Bonbright immediately began specializing in underwriting electric utility securities. Between 1924 and 1929, Bonbright was responsible for almost $1.6 billion in financing for utility companies.
The creation of utility holding companies also began under their watch. They would bundle smaller local utilities, into a large holding company, then underwrite the security issues of the new company. One of the biggest was the consolidation of American Super Power in 1923. However, it was their work in creating another holding company in January 1929, that tipped Loomis off.
J.P. Morgan & Company got the idea to merge two large utility companies, along with a smattering of small ones, to create a holding company that controlled over a third of the power in twelve states. They called it United Corporation and turned to Bonbright for help. With every company in agreement on the merger, it was simply a matter of setting the offering price for the new holding company’s stock.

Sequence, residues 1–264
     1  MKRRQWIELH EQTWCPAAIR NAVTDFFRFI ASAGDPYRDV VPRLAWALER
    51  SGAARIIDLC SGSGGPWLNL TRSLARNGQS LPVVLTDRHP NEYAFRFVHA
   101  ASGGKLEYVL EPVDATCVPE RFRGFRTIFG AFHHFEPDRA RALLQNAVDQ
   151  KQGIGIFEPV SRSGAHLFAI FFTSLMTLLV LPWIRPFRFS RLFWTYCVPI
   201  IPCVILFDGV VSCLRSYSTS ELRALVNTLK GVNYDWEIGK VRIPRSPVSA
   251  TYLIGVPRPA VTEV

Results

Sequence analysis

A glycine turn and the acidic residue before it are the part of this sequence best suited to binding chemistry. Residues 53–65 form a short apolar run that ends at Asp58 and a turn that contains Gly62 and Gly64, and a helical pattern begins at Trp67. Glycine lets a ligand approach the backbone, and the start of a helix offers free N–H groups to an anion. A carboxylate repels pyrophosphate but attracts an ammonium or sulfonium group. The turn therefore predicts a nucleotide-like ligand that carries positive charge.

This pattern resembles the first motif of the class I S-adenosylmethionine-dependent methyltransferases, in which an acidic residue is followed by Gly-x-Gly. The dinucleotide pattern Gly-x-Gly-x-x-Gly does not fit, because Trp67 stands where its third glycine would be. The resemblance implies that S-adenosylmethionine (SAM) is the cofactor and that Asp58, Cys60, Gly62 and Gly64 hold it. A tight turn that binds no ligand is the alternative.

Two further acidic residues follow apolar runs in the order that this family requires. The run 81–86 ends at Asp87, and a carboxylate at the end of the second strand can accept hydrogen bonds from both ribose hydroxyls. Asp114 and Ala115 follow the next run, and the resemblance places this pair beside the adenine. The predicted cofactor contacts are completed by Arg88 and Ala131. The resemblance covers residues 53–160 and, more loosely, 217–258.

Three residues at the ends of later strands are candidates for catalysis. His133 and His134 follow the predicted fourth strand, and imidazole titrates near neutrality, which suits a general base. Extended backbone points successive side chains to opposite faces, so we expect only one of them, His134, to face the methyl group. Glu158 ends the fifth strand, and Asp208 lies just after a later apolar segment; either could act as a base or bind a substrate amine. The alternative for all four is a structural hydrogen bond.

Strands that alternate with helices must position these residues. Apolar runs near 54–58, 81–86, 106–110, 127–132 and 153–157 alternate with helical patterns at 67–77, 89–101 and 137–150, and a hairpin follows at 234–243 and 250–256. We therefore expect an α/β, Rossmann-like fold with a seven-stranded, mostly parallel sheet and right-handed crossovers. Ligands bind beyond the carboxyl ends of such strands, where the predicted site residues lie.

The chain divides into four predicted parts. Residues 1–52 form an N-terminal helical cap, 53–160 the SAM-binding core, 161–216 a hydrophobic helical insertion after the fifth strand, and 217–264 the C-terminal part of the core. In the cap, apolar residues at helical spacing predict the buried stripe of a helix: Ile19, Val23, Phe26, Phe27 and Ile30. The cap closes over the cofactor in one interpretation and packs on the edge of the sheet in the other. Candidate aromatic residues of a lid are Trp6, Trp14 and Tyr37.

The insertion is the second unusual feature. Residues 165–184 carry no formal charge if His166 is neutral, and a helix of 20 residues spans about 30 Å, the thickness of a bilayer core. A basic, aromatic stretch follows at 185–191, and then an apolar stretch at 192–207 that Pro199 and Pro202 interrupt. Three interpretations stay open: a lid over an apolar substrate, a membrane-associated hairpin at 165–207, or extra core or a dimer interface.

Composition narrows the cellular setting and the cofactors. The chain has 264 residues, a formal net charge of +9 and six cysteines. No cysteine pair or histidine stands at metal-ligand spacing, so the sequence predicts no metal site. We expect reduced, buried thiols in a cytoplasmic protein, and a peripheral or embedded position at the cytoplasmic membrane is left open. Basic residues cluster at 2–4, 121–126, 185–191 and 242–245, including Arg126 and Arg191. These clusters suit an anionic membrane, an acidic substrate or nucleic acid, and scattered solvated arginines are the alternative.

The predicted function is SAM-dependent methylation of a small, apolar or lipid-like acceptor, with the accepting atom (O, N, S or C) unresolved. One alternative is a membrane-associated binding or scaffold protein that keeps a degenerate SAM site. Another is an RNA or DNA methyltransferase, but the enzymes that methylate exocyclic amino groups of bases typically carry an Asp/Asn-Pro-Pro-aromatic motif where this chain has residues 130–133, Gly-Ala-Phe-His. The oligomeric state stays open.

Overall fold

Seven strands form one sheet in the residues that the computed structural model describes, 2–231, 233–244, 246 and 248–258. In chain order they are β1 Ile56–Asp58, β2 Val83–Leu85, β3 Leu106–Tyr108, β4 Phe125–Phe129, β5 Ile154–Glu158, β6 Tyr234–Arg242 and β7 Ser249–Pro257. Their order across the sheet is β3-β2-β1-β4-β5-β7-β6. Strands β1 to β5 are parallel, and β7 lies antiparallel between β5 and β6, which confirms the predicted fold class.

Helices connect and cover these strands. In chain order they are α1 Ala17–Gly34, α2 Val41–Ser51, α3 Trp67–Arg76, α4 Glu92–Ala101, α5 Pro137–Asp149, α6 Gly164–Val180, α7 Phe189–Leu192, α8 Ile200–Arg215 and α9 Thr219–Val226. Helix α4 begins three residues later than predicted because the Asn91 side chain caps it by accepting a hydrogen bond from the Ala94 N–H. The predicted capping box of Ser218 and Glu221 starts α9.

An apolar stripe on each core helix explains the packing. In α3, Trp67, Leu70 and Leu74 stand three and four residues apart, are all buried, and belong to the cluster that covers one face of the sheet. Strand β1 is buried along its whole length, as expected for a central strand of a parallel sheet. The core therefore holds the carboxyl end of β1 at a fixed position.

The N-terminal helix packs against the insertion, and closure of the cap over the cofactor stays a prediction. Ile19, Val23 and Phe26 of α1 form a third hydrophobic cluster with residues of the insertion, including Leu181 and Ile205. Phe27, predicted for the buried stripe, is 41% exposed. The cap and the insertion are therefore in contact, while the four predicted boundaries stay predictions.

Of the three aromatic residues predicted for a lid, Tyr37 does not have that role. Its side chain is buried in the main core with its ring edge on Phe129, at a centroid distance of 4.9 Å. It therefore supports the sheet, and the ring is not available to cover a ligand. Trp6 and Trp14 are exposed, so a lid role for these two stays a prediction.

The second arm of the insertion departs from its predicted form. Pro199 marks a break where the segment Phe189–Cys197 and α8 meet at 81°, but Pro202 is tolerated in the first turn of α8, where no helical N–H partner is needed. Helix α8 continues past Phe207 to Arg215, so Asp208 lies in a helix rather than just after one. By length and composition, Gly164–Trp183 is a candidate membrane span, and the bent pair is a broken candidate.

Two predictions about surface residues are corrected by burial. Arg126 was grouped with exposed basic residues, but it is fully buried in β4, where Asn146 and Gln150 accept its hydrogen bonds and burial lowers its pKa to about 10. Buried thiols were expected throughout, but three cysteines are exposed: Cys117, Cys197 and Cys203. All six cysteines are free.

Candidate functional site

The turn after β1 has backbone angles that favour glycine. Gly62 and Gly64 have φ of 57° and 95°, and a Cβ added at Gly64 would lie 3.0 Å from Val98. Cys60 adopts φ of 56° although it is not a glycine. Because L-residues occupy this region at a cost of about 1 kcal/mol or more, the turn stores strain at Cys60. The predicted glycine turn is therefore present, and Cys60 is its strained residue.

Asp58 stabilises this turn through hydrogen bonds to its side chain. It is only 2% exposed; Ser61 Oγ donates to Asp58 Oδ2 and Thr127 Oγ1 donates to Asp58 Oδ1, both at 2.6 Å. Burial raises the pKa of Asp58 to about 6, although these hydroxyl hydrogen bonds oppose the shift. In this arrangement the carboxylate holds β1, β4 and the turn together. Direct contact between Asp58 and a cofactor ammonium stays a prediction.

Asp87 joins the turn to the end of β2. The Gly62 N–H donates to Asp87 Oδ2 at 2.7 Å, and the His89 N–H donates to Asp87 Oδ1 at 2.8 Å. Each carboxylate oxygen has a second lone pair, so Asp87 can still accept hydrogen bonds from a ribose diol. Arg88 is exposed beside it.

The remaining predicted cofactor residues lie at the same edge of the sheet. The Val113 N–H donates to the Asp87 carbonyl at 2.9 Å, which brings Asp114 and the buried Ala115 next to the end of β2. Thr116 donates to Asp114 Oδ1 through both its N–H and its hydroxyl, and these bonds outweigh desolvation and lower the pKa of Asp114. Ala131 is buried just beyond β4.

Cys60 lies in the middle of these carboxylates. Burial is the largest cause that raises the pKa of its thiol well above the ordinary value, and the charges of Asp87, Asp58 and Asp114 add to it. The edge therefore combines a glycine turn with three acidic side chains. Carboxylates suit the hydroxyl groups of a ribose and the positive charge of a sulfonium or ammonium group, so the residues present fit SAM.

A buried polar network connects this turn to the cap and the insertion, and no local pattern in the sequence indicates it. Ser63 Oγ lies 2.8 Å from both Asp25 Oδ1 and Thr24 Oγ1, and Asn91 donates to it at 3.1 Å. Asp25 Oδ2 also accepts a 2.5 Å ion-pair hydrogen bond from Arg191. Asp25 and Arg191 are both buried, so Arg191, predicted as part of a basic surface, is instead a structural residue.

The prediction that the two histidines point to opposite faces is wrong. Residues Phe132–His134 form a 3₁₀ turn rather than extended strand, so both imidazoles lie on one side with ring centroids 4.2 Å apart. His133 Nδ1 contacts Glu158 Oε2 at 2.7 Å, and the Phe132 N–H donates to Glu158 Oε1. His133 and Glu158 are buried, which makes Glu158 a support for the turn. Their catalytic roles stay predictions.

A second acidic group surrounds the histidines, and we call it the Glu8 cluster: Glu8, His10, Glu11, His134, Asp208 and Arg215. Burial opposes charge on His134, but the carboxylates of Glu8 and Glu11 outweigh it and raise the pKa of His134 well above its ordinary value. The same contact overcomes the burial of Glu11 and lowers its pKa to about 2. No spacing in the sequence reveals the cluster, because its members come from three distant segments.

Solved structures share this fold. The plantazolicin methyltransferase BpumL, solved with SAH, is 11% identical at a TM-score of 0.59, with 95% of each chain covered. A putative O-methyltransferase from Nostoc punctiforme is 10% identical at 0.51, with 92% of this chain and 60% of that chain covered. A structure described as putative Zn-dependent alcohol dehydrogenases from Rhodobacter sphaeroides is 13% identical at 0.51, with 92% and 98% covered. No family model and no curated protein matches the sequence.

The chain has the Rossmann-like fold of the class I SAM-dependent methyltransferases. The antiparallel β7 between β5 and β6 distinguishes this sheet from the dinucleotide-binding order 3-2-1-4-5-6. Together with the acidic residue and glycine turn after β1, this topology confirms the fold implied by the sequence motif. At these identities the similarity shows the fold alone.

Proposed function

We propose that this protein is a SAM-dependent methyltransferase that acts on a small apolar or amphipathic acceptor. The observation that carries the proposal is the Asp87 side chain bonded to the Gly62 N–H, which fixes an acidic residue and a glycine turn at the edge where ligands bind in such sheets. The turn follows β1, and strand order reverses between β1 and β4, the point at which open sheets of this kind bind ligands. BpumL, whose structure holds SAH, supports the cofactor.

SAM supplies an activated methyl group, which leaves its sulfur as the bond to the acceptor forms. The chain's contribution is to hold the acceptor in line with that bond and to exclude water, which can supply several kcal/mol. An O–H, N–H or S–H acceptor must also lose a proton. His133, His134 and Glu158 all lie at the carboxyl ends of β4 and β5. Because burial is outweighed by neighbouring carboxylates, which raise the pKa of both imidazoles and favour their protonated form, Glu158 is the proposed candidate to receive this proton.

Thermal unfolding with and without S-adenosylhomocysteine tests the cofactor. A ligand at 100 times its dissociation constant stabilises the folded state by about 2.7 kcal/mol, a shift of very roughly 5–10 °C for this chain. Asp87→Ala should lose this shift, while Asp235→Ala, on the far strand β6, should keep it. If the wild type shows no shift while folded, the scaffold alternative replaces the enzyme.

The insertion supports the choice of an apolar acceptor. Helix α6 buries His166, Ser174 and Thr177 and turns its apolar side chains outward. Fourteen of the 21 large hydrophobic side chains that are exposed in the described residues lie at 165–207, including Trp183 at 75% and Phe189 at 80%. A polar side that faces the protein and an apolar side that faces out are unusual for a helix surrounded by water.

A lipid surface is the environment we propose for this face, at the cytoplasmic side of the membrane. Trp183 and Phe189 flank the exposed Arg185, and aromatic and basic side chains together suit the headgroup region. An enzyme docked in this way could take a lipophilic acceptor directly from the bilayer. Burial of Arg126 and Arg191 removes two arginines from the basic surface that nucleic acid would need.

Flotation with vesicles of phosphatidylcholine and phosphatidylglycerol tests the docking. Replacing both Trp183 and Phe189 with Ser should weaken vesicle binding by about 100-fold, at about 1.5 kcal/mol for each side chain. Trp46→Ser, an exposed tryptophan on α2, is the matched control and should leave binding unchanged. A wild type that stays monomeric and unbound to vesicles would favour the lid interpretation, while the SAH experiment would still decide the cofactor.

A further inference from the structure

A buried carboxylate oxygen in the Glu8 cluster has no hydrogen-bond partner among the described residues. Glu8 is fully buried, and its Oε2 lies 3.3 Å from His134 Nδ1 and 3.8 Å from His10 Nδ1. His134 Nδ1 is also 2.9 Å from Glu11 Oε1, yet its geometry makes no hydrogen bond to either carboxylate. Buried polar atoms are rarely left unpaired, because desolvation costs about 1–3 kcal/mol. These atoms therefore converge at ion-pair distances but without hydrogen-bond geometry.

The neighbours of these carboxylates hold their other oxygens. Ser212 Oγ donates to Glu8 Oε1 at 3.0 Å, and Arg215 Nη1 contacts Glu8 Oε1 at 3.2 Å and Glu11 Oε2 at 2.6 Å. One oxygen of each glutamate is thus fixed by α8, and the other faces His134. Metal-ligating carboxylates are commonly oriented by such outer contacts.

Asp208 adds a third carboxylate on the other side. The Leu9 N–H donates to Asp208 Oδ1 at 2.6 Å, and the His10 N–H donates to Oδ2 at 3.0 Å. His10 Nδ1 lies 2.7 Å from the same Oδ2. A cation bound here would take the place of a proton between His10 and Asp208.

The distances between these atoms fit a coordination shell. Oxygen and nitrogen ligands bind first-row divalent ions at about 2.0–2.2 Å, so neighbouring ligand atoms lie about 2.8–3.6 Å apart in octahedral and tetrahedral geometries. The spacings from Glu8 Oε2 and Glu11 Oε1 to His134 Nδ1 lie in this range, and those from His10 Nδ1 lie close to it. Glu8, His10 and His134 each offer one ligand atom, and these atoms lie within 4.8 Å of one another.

The partners at J.P. Morgan insisted on a higher price that Loomis and Thorne believed the market could bear. Yet, surprising both of them, the public happily scooped up the new shares without any trouble. To Loomis, it was a sign to get out.
Over the next several months, Loomis and Thorne sold all their stocks and converted everything into cash and Treasury bonds. It helped that they kept a strict rule to always keep Bonbright’s profits in cash. Most investment firms at the time held a large inventory of the securities they underwrote, which came back to bite them. Not Bonbright.
On October 24, 1929, Black Thursday hit.
Maybe they were “just lucky,” as Landon Thorne always maintained, or perhaps, as Loomis would later claim, the mathematical charts he devised to follow the market did not justify gambling on a bell curve. The fact that Loomis made an estimated $50 million during the first few years of the Depression served only to intensify the mystique about the “scientific approach” he used to guide his financial affairs…